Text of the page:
The den/office in photographer Meredith Perdue and her husband Michael Cain’s 1750 South Portland Cape didn’t need painting, but two weeks into quarantine and shortly after the death of their beloved black Lab, Orvis, “it seemed like a good use of our time,” Perdue says. She’d always wanted to try a monochromatic scheme and fell for Benjamin Moore’s lush Fairmont Green, which they applied in a pearl finish on the woodwork — the dark shade helping a non-working fireplace recede — and matte on the walls. “We didn’t have our phones or the news on, so it felt like an escape from all the worry and our loss,” she says. Still, Orvis, who used to sleep by the fireplace, remains a fixture — in the commissioned Elizabeth Endres painting above the sofa.
After a couple weeks working from her West Paris log home, Melissa Akers, of Bridgton’s Melissa Ellen Designs, could no longer ignore her worn yellow-pine kitchen floors. She and her husband, Mike, of Bridgton’s Maine Construction Management, renovated the space earlier this year with blackish green-and-stained-pine cabinets and stained-maple butcher-block countertops and planned to tile the floor. But Akers began to wonder, “Can we do something to beautify this using what we have?” She decided to create a larger-scale version of the checkerboard she painted on her bath floor, sketching 16-by-16-inch squares edged with 1- and 6-inch borders on the pine with a pencil and yardstick. Next, she brushed on Minwax stain in Jacobean, painted alternating squares and the wider border in Benjamin Moore’s Black, and applied two coats of satin poly. The dark-floor-dark-woodwork effect? “It feels like the room is giving you a hug,” she says.
Architect-turned-architectural-photographer Trent Bell designed his Biddeford home with help from his friend, Portland architect Caleb Johnson, to perch just above the earth. “I wanted to sit in the living room and feel a part of the natural environment without feeling like I was in the damp grass,” Bell says. The same thinking applied to the backyard living space he planned to have someone else build before the pandemic gifted him free time. He thought about a patio, but landed on a low deck, “where you can lay down and not feel like bugs will be crawling on you.” Crafted from cedar decking wrapped in white-cedar siding and aluminum sheet stock left over from the house and other projects, the 16-by-16-foot platform sports Adirondack-inspired chairs and small tables he made, a Craigslist woodstove, and, frequently, Bell, his wife, and their 8- and 11-year-old sons.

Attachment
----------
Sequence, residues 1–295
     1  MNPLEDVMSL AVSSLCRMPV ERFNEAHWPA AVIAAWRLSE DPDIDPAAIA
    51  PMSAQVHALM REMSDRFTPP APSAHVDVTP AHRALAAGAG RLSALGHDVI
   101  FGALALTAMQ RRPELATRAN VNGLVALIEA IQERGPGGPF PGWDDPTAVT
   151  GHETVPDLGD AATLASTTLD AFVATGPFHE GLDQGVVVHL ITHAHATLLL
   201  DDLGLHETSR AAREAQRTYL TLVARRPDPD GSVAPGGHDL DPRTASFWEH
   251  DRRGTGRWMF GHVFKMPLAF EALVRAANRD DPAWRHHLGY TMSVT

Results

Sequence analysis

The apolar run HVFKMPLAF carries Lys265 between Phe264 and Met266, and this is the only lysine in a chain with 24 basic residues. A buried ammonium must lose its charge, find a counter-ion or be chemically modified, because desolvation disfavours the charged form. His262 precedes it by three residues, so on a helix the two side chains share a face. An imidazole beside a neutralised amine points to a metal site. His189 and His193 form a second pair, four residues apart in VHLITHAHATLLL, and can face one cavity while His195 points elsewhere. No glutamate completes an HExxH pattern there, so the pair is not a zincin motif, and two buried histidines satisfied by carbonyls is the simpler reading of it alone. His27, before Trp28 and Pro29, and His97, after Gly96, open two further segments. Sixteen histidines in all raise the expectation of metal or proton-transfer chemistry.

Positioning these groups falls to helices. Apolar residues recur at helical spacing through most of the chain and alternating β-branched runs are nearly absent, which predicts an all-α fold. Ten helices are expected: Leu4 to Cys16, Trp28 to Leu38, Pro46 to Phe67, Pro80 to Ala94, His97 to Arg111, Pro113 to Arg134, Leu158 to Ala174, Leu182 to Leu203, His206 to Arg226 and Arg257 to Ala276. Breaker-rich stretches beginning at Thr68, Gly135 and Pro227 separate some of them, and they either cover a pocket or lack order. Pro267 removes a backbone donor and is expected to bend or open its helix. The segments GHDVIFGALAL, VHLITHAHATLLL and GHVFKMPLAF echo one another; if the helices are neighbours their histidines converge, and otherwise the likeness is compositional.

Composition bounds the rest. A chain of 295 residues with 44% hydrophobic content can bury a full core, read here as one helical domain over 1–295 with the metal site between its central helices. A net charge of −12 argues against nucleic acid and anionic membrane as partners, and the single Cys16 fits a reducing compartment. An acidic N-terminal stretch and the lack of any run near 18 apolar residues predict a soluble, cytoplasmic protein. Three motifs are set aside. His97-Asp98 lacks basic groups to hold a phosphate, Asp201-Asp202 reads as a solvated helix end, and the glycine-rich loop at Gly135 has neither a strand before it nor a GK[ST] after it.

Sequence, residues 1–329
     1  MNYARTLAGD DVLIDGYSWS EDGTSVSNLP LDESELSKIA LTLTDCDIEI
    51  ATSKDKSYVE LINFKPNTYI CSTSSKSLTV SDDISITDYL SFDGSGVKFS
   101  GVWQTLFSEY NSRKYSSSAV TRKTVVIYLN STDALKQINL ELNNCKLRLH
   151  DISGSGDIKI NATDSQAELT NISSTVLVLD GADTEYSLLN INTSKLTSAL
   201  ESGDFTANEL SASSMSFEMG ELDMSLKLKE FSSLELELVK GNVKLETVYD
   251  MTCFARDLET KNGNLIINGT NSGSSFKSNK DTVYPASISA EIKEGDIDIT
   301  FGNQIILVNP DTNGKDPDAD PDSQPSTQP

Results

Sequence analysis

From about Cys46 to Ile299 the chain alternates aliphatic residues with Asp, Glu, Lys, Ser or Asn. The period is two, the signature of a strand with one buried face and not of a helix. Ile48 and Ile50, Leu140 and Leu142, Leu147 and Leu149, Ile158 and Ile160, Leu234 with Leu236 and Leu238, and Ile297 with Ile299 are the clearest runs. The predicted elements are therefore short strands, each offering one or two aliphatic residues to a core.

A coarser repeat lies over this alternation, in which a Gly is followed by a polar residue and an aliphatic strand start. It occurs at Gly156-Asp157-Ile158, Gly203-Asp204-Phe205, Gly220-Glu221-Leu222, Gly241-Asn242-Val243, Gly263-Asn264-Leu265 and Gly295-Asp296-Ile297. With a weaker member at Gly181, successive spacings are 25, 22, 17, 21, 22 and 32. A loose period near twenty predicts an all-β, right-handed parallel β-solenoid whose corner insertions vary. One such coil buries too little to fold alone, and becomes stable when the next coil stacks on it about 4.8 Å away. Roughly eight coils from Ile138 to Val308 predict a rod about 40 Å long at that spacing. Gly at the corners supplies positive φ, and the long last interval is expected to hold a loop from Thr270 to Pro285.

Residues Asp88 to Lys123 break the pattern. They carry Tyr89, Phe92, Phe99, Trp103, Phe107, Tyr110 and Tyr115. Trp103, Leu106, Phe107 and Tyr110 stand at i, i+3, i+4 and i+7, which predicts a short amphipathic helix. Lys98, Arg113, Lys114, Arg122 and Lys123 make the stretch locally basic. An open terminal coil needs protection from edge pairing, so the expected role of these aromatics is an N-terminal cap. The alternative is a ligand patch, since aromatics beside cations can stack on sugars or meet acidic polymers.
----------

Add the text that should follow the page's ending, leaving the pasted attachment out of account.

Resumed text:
Pre-pandemic, the mudroom architectural photographer Irvin Serrano and his wife added onto their 1946 Saco Cape last year was “a sterile box.” Extra hours at home gave him time to craft a black-walnut shelf and coat rack studded with rail spikes found on Etsy to match the room’s live-edge black-walnut bench. Above, an elaborate border sets off a Jainite Silvestre print purchased in his native Mexico City. Inspired by stylized tobacco flowers and mushroom caps he saw on a sculpture of the ancient Aztec god Xochipilli at the city’s anthropology museum, he sketched the motifs in Photoshop, then etched them onto craft-foam sheets with a laser engraver to make stamps he affixed to plywood blocks. After mapping out the design on the wall with paper cutouts, he applied the stamps with paint, creating a space “that deeply reflects my roots.”
Carly Blackmore’s entire house has been a pandemic project. The owner of habitat.design and her family moved into their 1900 Shingle-style cottage in Falmouth in early April, soon after schools closed. “The kids were in weird-land, so my first priority was getting them settled,” says Blackmore, who sought to create rooms for her son and daughter that reflected their tastes. But when she asked 4-year-old Lawson about his favorite things, “he’d say dinosaurs one minute, rocket ships the next.” Her solution: Feature and bookshelf walls papered in a Spoonflower print “that has everything a little boy loves.” Black and white furnishings and bedding pick up the pattern’s graphic type. The verdict? “He’s thrilled,” Blackmore says. “And his sister was jealous, which made him happy!”